The rollers on the upper front portion of the blade path cooperate to define quarter circles having a diameter of about one-half that for the circle defined by the rollers forming the return path. The rollers 44 are preferably about one and one-eighth inches in diameter and are about 17 in number and arrayed in a continuous line of curvature around the blade path from the level of the work table 32, around the top of the blade path and a short distance down the front side thereof to the vertical work run at the front to provide a throat width of eleven and one-fourth inches. The centers of rollers 44 are spaced apart a distance of one and one-fourth inches and are preferably sized and spaced apart a distance of 11% of the throat width and in no event a distance any greater than 15% thereof.

As discussed above, the roller carriage 16 pivots about a pviot pin 18 at one end of the lower frame section 12, such pivot pin mounting on of the rollers 44 as shown in detail in FIG. 6. Adjustment of pivoting of the roller carriage 16 is effected by means of a rod 46 connected on one end to the free end 48 of the roller carriage and passing through an eye 50 formed in the upper frame section 14 (FIG. 5) and having a wing nut 52 screwed on the opposite extremity thereof.

The saw blade 20 is driven by means of a friction belt 54 driven by means of a drive pinion 56 connected by a shaft 58 to the motor 36. The friction belt 54 is fed under an idler 60 and then around a larger friction driven pulley 62. The belt 54 is then led around a plurality of closely spaced rollers 64 disposed in an arcuate profile drive pulley 56.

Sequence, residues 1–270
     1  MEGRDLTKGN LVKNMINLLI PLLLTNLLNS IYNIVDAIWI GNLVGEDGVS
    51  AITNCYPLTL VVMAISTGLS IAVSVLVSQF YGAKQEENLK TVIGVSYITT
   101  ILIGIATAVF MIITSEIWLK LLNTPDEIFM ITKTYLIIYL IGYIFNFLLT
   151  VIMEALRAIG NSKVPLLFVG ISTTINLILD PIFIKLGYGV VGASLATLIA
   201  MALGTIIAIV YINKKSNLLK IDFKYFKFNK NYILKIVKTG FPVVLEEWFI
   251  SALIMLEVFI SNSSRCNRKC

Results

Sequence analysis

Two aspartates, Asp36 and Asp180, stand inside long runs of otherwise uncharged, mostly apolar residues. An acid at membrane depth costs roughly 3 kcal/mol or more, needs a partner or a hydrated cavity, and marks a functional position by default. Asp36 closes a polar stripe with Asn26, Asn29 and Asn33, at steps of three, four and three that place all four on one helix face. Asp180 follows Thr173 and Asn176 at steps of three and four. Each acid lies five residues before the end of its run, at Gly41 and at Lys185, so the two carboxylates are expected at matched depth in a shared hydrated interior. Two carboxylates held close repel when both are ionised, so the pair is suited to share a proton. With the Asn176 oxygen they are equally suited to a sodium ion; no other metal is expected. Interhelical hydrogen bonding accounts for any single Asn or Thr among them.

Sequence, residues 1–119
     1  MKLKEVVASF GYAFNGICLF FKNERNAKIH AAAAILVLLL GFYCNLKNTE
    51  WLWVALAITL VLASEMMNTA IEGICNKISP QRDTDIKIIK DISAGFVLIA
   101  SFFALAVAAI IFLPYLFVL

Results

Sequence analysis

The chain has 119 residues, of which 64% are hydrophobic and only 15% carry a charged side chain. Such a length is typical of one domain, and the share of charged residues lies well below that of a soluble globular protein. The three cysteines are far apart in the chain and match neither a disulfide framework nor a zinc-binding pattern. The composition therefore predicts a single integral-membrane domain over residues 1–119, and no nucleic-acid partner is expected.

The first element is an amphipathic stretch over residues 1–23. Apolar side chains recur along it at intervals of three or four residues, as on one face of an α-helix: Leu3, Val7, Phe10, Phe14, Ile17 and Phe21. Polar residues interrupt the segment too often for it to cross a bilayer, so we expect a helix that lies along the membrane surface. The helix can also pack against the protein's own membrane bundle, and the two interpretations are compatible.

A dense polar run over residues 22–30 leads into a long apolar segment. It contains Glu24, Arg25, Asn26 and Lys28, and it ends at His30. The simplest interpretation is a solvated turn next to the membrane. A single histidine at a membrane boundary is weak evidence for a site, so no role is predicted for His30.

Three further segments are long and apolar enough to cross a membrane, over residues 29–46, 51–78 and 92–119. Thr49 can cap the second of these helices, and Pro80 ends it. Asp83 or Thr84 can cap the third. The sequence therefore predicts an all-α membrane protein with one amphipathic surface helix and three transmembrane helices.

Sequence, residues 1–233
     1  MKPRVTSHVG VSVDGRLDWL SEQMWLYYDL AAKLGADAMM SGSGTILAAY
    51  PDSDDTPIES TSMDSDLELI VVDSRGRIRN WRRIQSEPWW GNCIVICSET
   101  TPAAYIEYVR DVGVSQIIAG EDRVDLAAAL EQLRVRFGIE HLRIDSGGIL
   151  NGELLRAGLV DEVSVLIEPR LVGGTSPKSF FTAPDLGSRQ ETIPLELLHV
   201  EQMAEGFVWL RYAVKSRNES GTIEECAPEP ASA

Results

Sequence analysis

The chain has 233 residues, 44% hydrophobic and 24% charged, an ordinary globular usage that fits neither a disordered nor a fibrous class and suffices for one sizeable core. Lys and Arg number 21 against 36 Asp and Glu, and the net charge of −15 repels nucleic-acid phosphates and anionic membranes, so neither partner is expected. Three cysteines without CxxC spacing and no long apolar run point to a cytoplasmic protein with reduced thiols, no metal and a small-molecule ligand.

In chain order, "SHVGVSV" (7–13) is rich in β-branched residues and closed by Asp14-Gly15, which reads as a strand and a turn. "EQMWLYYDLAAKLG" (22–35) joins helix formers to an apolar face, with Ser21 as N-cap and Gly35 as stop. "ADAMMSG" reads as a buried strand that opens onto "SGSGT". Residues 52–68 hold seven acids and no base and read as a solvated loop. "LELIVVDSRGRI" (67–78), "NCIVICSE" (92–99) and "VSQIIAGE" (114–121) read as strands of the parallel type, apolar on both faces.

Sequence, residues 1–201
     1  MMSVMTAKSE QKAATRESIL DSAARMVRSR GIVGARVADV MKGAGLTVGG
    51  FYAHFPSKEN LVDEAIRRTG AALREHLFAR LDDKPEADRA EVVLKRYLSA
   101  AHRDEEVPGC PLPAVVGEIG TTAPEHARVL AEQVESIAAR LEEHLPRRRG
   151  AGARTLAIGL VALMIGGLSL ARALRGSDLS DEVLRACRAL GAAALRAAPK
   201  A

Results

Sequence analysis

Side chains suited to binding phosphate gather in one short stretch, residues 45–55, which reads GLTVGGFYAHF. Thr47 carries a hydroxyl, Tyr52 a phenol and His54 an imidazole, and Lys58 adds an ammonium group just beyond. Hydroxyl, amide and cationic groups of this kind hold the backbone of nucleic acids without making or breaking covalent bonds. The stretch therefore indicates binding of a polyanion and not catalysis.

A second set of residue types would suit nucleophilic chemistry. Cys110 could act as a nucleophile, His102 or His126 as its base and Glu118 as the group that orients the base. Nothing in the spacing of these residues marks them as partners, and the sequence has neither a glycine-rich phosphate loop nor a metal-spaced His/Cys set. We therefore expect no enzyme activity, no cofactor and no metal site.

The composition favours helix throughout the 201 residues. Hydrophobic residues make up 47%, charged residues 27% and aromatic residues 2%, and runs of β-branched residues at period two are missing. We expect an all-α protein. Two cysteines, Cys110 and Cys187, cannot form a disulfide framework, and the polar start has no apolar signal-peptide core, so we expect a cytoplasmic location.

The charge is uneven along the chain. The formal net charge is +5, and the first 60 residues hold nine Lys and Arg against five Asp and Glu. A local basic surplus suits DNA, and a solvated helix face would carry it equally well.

The saw blade 20 is led around the friction roller 62 in contact with the friction belt 54 past the rollers 64 and drive pinion 56 and thence into contact with the rollers 44 around their arcuate path and through the saw guide 26 into a cutting area immediately above the table 32 and back to the friction roller 62 as shown in FIG. 7. The tension on the saw blade 20 is adjusted by pivoting the roller carriage upwardly by turning the adjusting wing nut 52 on the upper frame section 14.

The horizontal position of the roller carriage 16 with respect to the lower frame section 12 is adjusted by means of a bolt 67 and wing nut 68 shown in FIG. 4. With wing nut 68 loosened, the roller carriage 16 is pivoted slightly away from the inside wall 70 of the upper frame section 14. The position of saw blade 20 on a roller 44 may be adjusted by tightening the wing nut 68 to bring the roller carriage 16 toward the inside wall 70 until the blade 20 is in the proper position. In order that the bolt 67 may move with the roller carriage 16, it rides in an elongated slot 72 as shown in FIG. 4. Thus, the tension on the blade 20 and its position on the rollers 44 within the roller carriage 16 may be adjusted simply by means of wing nuts 52 and 68, respectively.